Register for D-Link's free Mydlink service and you can access and manage this router from the cloud. If you find yourself frequently troubleshooting your parents' home network over the phone, you might want to consider talking them into an upgrade.
The router's USB ports can share a printer, scanner, or a storage device over your network (any combination of two). I didn't test the router with a scanner or printer, and D-Link's SharePort technology isn't compatible with our storage benchmarking procedures, so I couldn't evaluate its performance on that score.
I'm just not a big fan of SharePort. On the positive side, the user interface helpfully presents your files in an organized fashion according to file type: music, video, photographs, and documents. And D-Link offers smartphone and tablet apps you can use to stream media files. The router is DLNA compatible, but it doesn't have an iTunes server.
On the negative side, SharePort limits you to viewing just one file at a time in this view, and it won't let you download or otherwise move files around. Switch to a hierarchical list view and you can at least upload files; but again, just one at a time. Our procedure for testing network-attached storage performance involves reading and writing both a single 10GB file and a 10GB collection of files. So I can't tell you how fast or slow the DIR-880L is when it comes to reading files from and writing to a hard drive attached to its USB ports. Don't buy this router if NAS functionality is on your must-have list of features.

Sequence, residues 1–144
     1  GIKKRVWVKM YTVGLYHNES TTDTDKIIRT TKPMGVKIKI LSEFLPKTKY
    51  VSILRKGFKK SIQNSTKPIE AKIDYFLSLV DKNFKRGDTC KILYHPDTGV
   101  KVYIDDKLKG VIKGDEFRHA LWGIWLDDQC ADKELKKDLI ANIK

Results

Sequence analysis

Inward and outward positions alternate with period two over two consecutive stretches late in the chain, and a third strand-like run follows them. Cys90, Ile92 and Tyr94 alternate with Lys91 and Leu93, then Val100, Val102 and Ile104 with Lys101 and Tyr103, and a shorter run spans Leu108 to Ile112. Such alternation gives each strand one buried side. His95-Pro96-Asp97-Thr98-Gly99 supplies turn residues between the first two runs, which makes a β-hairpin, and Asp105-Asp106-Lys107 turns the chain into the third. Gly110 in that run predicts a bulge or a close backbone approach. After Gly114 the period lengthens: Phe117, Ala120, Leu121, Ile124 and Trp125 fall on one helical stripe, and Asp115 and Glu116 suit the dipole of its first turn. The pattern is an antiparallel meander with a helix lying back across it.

In terms of its wireless routing performance, the DIR-880L was much slower on the 2.4GHz frequency band than the Asus and Linksys routers at close range (with an 802.11n client in the same room as the router, separated by 9 feet). It was slightly faster than the Linksys when the client was in my kitchen (20 feet from the router, separated by one wall hung with plywood cabinets). And it was much faster on this band than both of those devices when I tested it in my home theater (client 35 feet from the router) and in my home office (client 65 feet from the router).
D-Link's router trailed both the Asus and the Linksys with an 802.11ac client in three of my four test locations. I tested all three routers using an Asus USB-AC56 Wi-Fi adapter plugged into the client's USB port. TCP throughput of 328Mbps is nothing to sneeze at, but the WRT1900AC delivered 439Mbps here and the Asus managed 418Mbps. The DIR-880L will probably stream HD video to most rooms in the typical home, but it wasn't nearly as fast as the competition on this band in my longer-distance tests.
Sign up for Computerworld eNewsletters.